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The department welcomes all students to the study of history. The program blends core requirements with great choice, permitting students to pursue particular interests while developing a broad understanding of the historic past.  History students gain historical knowledge and understanding of many societies and cultures; improve their research, writing and digital skills; become independent, creative, and self-directed learners; and work with a superior and dedicated faculty. It's a strong preparation for any path in life.

The requirements for a major in history consist of introductory and upper-level courses. All courses introduce students to the nature of history. In addition to involving reading, writing and critical thinking, these courses help students develop skills in using historical thinking and conducting research and interpretation for the 21st-century world. Majors in history are strongly encouraged to continue study in foreign languages beyond the minimum university requirement and, when appropriate, to integrate their foreign language studies into their history classes.

JMU students view a display panel at the Lucy Simms Exhibition


JMU students are working with Chaz Evans-Haywood (Clerk of Courts) to organize and preserve historical documents.

Core Courses
The major requires five core courses. The three introductory courses include HIST 101. World History to 1500 and HIST 102. World History Since 1500, and HIST 225.  HIST 300 is a required course in research methods and thinking about how to do history. Entering majors should take HIST 300 as soon as possible. HIST 299 helps students to gain knowledge and confidence to translate academic learning to the post-college workforce
Majors also take five elective courses: two on the 400-level, and three open electives at the 300- and 400-levels. For students writing a senior honors thesis, only three hours of HIST 499 count toward this requirement. Honors may be counted among the two 400-level courses required for the major.  400 level courses are research capstones that offer all students an opportunity for undergraduate research.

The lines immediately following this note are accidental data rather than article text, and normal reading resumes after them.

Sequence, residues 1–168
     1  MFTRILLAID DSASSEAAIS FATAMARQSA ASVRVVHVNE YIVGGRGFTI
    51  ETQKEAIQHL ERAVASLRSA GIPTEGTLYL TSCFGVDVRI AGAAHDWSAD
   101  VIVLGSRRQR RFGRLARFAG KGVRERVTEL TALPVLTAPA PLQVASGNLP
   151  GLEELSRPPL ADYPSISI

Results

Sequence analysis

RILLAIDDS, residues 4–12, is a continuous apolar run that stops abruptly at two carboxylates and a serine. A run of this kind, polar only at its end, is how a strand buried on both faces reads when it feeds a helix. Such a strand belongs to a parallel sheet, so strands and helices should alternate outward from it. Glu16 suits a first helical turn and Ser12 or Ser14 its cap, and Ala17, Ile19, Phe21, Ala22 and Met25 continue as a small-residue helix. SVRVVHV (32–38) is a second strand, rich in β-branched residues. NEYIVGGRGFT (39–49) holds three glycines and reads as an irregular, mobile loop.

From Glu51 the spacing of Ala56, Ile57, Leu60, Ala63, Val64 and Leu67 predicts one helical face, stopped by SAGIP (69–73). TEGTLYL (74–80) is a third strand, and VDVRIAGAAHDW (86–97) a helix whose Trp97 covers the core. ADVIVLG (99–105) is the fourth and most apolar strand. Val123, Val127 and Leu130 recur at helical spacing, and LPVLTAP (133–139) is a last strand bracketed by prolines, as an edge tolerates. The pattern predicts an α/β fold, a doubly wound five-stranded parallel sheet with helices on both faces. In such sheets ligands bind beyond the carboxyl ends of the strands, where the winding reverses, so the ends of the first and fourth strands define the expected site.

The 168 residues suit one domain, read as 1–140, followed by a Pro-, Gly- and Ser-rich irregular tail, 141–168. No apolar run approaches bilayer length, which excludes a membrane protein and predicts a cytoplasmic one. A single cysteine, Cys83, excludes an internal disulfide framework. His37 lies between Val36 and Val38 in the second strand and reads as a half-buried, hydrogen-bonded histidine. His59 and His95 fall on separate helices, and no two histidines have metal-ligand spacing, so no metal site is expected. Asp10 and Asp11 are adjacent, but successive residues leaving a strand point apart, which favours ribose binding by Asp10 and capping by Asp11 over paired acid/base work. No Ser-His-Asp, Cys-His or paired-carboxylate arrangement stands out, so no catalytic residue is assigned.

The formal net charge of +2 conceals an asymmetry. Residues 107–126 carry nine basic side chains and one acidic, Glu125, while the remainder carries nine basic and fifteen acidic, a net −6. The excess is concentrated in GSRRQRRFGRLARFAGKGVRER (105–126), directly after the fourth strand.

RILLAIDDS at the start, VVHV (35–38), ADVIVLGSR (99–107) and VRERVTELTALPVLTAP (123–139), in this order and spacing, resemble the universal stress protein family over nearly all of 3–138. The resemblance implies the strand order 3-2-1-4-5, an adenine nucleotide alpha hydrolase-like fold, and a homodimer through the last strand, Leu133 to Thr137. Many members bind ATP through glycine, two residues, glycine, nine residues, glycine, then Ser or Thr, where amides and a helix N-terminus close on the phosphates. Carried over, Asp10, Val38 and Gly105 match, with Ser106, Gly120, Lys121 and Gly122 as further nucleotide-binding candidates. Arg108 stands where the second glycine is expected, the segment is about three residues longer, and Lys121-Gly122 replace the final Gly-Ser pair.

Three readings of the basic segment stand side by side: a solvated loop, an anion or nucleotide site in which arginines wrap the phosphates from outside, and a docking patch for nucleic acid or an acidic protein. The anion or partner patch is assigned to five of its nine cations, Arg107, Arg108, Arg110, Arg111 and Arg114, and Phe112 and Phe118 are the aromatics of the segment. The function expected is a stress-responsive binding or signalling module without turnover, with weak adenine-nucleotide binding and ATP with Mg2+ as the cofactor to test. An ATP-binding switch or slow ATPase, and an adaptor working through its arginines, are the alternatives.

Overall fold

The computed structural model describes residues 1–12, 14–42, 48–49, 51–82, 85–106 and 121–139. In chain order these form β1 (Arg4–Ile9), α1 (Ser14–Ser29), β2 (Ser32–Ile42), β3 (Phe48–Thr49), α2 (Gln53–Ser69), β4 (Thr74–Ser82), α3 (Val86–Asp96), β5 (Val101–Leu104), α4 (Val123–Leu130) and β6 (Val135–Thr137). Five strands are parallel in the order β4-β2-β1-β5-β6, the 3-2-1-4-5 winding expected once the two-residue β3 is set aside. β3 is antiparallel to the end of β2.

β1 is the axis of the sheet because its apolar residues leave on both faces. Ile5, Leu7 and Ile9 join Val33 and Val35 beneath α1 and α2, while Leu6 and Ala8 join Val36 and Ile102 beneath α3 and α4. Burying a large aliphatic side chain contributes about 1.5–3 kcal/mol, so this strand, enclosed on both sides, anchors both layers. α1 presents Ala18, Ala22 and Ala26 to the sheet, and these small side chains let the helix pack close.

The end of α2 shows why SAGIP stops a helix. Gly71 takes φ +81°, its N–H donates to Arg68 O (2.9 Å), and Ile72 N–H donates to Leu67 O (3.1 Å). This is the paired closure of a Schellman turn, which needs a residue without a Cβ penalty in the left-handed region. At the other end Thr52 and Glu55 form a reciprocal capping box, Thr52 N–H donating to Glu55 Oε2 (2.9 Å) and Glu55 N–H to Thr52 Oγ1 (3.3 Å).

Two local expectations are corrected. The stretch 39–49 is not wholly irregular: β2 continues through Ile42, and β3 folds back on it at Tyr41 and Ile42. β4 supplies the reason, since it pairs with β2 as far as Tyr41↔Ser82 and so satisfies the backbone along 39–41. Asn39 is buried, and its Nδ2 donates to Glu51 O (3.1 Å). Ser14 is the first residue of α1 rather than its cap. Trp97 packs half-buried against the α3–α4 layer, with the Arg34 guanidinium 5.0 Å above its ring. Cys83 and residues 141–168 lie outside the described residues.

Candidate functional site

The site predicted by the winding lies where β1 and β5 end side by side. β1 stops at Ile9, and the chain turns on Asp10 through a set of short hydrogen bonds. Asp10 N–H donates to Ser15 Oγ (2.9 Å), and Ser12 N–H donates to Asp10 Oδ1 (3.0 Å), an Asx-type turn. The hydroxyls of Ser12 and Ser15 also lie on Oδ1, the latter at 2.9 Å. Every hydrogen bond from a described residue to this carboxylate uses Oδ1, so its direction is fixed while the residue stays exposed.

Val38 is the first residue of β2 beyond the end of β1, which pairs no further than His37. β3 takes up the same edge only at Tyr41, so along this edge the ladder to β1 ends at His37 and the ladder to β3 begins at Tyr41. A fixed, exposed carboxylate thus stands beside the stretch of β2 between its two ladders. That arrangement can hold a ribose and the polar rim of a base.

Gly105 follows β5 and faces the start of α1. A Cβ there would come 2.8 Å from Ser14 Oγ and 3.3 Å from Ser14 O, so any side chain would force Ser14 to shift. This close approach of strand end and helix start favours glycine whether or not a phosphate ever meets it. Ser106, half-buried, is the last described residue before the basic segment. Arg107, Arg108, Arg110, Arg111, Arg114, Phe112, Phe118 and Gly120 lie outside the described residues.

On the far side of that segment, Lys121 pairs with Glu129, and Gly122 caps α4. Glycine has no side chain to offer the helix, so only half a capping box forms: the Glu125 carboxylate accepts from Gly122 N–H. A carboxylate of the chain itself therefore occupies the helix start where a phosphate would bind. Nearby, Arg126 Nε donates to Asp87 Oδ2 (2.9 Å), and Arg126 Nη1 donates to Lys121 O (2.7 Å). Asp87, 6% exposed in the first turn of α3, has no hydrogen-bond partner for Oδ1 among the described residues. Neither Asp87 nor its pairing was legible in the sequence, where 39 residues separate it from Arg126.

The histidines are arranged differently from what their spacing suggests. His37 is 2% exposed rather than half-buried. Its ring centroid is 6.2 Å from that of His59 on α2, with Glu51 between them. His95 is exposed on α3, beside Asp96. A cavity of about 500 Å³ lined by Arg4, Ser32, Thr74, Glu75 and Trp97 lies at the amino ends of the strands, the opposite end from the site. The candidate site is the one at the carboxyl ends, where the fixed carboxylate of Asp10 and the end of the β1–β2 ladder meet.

Public History and Secondary Education Concentrations
Students may elect a major concentration of either public history or teacher education. A concentration is not required. Students who elect a concentration must fulfill all the specific requirements for those programs.

Learn more about the Public History Concentration

Teaching Social Studies

Connected and Applying Courses
All majors take a 300-level course that emphasizes the “big picture” of global history and the way ideas spread across space and time. We call this a connected history.  All majors also take a 300-level course that applies historical thinking to today’s world and to skills outside the classroom. This can include internships, courses that use the dedicated History Studio and courses that delve into the archives.  We call this an applying history course.  Students may choose from the list of courses that meet these requirements.

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